the "login" program with the username as an argument. The login process
prompts for a password, and upon the user typing in the correct username
and password combination, login executes the user's shell.
Of course, the getty and login programs in this release are extremely
simplified versions and are mostly for show. User "root" for the
username and a blank password to login.
The next feature in this beta is a (admittedly stupid) terminal program.
Use it to connect to another calculator over the I/O data link cable.
Here is how to use this feature:
1) Run punix-9x-server-beta4.tib* on one calculator in TiEmu and
punix-9x-beta4.tib on another in TiEmu.
2) Set the link settings to "Cable: TiEmu" and "Port: #1" on one
calculator, and set the port to #2 on the other.
3) Also disable "Listen for files" on both calculators.
4) On punix-9x-beta4.tib, log in (username: root, password: (blank))
and run the uterm program.
After you follow these steps, you should receive a "server login"
prompt. This prompt is coming from the calculator with the hostname of
"server". If you receive the message "/dev/link: Device or resource
busy", then you probably tried to run uterm *from* the server. Try again
with the other calculator.
From uterm you can run all of the same commands as you would normally.
There may be lag in the display, but this is normal (all data is being
sent over a relatively slow serial link, after all). One command that
will prove that you actually are connected to the other calculator is
"poweroff". Run "poweroff" in uterm and watch the other calculator shut
off! Press the ON key on the calculator that shut off to resume.
If you play with uterm long enough, you will see its limitations. For
one, uterm does not run in raw tty mode, so it cannot send special
characters (eg, ^D or ^C) to the remote host. Second, /dev/link on the
remote host does not act as a tty, so it would not interpret special
characters correctly anyway. The tty driver code is one component that
will need improvement before a full release.
This release also includes a couple added commands: time and times. The
time command will run the given program and then print the real, user,
and system time used by the program. The times command prints the user
and system time used by the shell and cumulative time used by the
Next, this beta can now run on the TI-89! The smaller screen and
different keyboard layout are the only practical differences from the
TI-92+ version. This version can be compiled by changing the CALC
variable in the Makefile from TI92P to TI89 and then running "make
scratch". The make steps for the 89 version have not been finished yet,
it's best to make from scratch each time.
Last, this release includes a few bug fixes and reduced memory
footprint, but you probably will not notice any of these changes.
*Note: to build the "server" version, just change UNAME_NODENAME from
"timmy" to "server" in the Makefile, then run "make" as usual.
What is new in Beta 3?
First and foremost, the vfork() system call now works! This means full
multitasking. There are still many other pieces missing to make a usable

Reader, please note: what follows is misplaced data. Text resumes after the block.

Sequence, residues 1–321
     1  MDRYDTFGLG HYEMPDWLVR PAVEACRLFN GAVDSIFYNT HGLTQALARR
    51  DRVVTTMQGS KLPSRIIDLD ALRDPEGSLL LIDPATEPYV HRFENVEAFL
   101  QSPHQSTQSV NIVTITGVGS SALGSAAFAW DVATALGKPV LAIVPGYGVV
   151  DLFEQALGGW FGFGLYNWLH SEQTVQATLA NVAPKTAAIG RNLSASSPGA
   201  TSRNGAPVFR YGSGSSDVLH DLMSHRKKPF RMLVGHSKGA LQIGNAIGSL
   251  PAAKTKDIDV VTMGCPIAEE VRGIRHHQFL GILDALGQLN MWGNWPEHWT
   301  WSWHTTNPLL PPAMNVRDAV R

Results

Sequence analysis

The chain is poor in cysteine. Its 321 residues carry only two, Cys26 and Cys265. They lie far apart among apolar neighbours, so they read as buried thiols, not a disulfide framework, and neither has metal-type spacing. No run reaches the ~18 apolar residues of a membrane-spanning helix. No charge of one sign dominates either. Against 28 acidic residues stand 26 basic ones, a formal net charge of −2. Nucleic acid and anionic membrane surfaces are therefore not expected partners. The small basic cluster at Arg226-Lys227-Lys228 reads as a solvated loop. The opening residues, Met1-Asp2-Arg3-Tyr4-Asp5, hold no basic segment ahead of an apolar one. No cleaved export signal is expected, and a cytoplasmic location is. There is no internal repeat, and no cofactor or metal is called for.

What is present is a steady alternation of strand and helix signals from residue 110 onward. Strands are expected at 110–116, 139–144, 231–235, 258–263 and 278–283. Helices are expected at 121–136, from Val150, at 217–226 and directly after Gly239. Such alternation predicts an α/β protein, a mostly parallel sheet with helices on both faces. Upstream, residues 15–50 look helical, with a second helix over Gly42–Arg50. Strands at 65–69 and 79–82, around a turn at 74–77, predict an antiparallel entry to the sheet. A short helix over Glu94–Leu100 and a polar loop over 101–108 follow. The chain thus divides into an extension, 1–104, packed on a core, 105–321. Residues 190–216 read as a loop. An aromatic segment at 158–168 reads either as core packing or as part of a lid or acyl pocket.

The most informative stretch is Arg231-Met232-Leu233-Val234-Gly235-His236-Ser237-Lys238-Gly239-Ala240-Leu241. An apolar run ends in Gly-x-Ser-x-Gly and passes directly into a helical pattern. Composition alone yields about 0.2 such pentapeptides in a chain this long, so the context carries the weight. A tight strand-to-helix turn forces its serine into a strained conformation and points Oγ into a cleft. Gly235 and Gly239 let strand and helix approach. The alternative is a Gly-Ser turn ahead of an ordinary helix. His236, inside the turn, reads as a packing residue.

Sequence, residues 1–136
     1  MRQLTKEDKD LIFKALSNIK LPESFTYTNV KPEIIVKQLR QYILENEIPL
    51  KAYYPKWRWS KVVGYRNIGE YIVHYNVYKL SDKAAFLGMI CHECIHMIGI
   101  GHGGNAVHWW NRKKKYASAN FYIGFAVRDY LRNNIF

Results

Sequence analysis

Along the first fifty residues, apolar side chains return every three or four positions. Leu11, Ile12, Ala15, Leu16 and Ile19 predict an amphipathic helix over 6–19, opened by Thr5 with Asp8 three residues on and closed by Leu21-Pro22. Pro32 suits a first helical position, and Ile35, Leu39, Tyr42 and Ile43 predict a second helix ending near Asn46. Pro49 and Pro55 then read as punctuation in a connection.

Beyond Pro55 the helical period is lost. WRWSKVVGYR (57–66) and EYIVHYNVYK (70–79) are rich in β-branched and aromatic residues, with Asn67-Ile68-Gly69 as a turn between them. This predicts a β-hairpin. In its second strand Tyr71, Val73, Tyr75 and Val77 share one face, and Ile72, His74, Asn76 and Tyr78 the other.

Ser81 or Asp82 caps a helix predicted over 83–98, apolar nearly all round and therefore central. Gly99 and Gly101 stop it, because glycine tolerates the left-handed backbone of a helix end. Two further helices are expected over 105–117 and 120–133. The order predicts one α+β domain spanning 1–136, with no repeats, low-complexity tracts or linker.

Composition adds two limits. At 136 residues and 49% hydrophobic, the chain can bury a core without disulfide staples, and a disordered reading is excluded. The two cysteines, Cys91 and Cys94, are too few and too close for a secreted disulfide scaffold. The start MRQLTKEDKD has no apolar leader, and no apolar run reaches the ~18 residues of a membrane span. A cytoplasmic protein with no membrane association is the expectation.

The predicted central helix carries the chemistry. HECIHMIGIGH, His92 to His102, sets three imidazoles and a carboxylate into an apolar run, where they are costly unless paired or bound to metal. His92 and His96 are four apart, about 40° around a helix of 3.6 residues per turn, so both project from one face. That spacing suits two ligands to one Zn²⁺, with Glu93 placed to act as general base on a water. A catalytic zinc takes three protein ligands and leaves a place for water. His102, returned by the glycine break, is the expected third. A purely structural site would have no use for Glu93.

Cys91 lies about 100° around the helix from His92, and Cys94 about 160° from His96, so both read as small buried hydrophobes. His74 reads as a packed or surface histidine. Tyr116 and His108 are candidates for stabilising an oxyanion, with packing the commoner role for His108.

multitasking system, but the foundation is nearly completed.
Beta 3 includes a few more commands in the shell:
* poweroff. This simply powers off the calculator. It does not reboot
the OS as the same command does in Linux.
* pid. This displays the process id of the current shell. In this
beta release, each shell starts in its own process, and you can find
out the process id of the shell with this command.
* status. This displays the exit status code of the previous
command. This is analogous to "echo $?" in a full Bourne shell.
The "/dev/link" test (accessible with the "tests" command) now displays
an image file that you send to the calculator. Just send a .92i or .9xi
file to the calculator when the test says "Receiving variable...". This
code assumes that the image is the full width of the screen, so if you
send it a narrower image it will look funky on the screen (but it
shouldn't crash the system or anything).
Another addition is the "CPU busy" indicator. A small hourglass is
displayed in the status line whenever a user process is actively
running. This is similar to the "BUSY" indicator in TI-AMS.
Here is something to try: run a shell within a shell within a shell...
by running "sh" many times. With the current stack sizes you can run up
to 36 concurrent shells! The "pid" command will display 37 or higher in
the last shell if you do this. If you try to run more than 36 shells, it
will tell you that the system is out of memory (don't worry: memory will
be freed as you exit the shells). Type "exit" or Ctrl-D to leave each
The last added feature of Beta 3 is that it maintains the time across
resets. Previous versions would clear all RAM at boot time, which would
also clear the current time. The time will also be preserved across
Punix updates (as long as the time stays at the same memory address,
which it probably will from now on).
Other changes include a few small performance enhancements. These are
not all visible from userspace, but they should decrease power draw
slightly when playing audio or when the calculator is off, for example.
Do you have comments or questions? I would love to hear about your
experience with Punix so I can fix whatever is broken or otherwise
improve existing features.
Web Site: http://punix-os.blogspot.com/